In reversing a lower court decision, the appellate court said it and other courts have applied a federal common-law rule under which a claim accrues when a plaintiff either knows or should know that he has sustained an injury. Dave Cummings said he learned of his right to receive the COBRA notice in a meeting with his lawyer on March 20, 2008. Cummings filed his suit on July 24, 2008, which is within the one-year limitations period that applies to COBRA improper-notice claims, if that period began on March 20, 2008.
The court noted that under the Consolidated Omnibus Budget Reconciliation Act, the employer must notify its health care administrator of the employee’s termination within 30 days, and the administrator then must notify the employee of his continuation right within 14 days, So, after Cummings’ termination on March 19, 2007, WaMu had up to 44 days to notify him of his continuation right: until May 2, 2007. WaMu argued that this was the date the limitations period began to run.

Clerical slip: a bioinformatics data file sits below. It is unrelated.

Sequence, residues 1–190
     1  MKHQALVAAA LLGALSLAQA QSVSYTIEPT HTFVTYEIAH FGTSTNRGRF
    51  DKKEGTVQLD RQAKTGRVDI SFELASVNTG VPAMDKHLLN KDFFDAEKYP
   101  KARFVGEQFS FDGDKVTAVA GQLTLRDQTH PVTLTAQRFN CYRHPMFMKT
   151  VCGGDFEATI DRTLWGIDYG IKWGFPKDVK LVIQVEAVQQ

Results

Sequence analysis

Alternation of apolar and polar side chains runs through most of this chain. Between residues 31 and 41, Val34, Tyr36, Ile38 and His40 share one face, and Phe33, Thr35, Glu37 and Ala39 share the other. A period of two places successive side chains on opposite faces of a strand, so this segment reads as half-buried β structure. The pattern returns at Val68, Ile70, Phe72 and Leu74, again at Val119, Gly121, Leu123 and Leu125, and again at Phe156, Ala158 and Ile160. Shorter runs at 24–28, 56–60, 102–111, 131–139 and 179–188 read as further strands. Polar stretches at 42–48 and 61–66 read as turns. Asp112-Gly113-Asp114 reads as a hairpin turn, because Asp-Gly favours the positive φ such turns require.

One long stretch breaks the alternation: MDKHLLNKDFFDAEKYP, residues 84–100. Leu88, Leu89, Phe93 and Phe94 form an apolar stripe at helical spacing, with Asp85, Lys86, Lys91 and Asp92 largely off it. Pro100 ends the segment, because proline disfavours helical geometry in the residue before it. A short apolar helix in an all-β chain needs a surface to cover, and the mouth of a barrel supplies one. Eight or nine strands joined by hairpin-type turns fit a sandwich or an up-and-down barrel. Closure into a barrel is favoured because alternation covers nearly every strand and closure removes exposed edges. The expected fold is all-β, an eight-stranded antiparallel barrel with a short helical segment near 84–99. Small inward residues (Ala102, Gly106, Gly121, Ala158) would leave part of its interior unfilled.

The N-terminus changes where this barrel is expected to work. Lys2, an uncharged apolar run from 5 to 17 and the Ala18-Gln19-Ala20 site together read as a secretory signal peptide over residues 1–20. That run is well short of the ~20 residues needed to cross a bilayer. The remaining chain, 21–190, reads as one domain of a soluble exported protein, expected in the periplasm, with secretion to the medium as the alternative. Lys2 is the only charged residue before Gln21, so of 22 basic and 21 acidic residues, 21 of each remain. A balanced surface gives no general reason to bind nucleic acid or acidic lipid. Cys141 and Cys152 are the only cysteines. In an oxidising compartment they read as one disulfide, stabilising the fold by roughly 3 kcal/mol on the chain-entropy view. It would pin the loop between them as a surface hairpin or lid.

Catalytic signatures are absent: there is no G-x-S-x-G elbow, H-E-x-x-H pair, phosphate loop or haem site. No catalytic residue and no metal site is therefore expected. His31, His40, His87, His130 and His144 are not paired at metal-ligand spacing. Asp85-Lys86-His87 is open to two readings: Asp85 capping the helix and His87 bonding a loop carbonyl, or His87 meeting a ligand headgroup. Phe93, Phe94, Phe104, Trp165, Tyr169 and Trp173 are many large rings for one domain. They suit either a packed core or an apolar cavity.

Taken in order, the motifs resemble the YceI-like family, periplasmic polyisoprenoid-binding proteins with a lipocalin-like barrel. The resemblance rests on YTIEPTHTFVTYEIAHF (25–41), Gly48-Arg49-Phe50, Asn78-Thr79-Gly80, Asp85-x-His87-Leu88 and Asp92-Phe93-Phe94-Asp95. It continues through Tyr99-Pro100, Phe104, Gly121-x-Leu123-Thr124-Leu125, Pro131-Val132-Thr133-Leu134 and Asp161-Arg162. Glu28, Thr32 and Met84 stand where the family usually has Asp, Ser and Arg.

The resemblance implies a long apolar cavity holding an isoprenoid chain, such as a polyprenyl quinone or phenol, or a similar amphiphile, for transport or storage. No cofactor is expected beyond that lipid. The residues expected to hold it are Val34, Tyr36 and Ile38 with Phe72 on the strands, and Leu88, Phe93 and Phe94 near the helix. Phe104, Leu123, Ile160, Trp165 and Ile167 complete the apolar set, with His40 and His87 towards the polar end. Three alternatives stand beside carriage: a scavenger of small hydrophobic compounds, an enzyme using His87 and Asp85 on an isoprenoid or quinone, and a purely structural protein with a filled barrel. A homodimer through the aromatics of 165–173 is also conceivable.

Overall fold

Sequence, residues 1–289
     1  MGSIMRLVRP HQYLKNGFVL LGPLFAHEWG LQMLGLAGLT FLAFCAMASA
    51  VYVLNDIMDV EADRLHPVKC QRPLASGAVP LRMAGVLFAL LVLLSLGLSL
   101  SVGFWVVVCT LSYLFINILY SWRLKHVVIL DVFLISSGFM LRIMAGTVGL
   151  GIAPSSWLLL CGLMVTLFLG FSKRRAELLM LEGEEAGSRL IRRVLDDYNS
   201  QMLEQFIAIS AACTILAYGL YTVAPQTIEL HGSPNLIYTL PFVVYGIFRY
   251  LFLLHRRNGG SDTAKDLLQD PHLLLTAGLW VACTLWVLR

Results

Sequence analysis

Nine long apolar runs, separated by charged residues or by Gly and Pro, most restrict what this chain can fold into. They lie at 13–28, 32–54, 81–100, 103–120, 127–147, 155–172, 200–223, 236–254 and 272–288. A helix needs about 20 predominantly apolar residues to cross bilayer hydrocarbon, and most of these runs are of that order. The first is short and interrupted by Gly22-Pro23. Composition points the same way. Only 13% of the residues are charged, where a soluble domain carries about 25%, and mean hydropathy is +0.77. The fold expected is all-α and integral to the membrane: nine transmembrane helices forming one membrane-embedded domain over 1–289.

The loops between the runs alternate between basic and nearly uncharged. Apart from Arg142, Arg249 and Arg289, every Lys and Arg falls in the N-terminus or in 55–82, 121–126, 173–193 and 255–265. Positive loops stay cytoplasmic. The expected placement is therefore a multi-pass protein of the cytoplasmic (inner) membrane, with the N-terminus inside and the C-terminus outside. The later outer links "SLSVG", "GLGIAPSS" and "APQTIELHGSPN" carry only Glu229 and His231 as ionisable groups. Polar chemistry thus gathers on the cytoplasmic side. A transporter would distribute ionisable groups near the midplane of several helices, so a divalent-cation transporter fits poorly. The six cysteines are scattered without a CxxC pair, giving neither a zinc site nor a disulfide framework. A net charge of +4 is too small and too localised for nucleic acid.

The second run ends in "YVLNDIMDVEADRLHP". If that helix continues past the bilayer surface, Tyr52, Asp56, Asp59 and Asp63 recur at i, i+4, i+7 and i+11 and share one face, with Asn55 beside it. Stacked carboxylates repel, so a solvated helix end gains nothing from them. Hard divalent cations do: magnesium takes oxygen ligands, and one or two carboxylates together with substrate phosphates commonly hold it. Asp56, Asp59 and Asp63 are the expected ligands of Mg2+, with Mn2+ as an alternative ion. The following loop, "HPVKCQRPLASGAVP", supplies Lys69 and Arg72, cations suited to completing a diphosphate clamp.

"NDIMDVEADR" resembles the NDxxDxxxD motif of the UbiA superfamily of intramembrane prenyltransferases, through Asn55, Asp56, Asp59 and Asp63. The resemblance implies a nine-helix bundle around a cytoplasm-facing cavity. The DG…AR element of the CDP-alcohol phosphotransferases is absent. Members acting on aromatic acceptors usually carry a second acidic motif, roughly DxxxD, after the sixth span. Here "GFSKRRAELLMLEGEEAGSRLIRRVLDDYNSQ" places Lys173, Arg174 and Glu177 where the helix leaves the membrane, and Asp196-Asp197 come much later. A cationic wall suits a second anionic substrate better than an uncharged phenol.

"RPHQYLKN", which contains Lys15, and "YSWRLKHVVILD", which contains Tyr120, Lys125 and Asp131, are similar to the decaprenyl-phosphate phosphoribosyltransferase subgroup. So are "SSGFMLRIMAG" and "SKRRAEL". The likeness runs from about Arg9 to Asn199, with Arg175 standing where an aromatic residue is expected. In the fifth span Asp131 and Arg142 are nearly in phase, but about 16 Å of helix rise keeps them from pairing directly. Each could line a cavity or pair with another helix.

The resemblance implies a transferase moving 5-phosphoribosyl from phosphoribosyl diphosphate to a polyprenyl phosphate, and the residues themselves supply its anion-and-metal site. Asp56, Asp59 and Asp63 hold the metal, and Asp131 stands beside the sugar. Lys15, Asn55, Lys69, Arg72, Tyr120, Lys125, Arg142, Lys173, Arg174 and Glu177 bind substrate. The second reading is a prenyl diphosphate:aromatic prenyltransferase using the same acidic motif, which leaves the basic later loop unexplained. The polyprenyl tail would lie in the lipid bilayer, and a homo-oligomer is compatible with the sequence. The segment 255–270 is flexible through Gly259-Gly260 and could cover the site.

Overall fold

WaMu said after terminating Cummings, it sent him notice as required by COBRA of his right to continue his employer-provided insurance coverage for a period following his termination. However, Cummings says he never received this notice and as a result, his insurance was cancelled. He incurred over $2,000 in medical expenses on behalf of his wife.The appellate court opinion is here.
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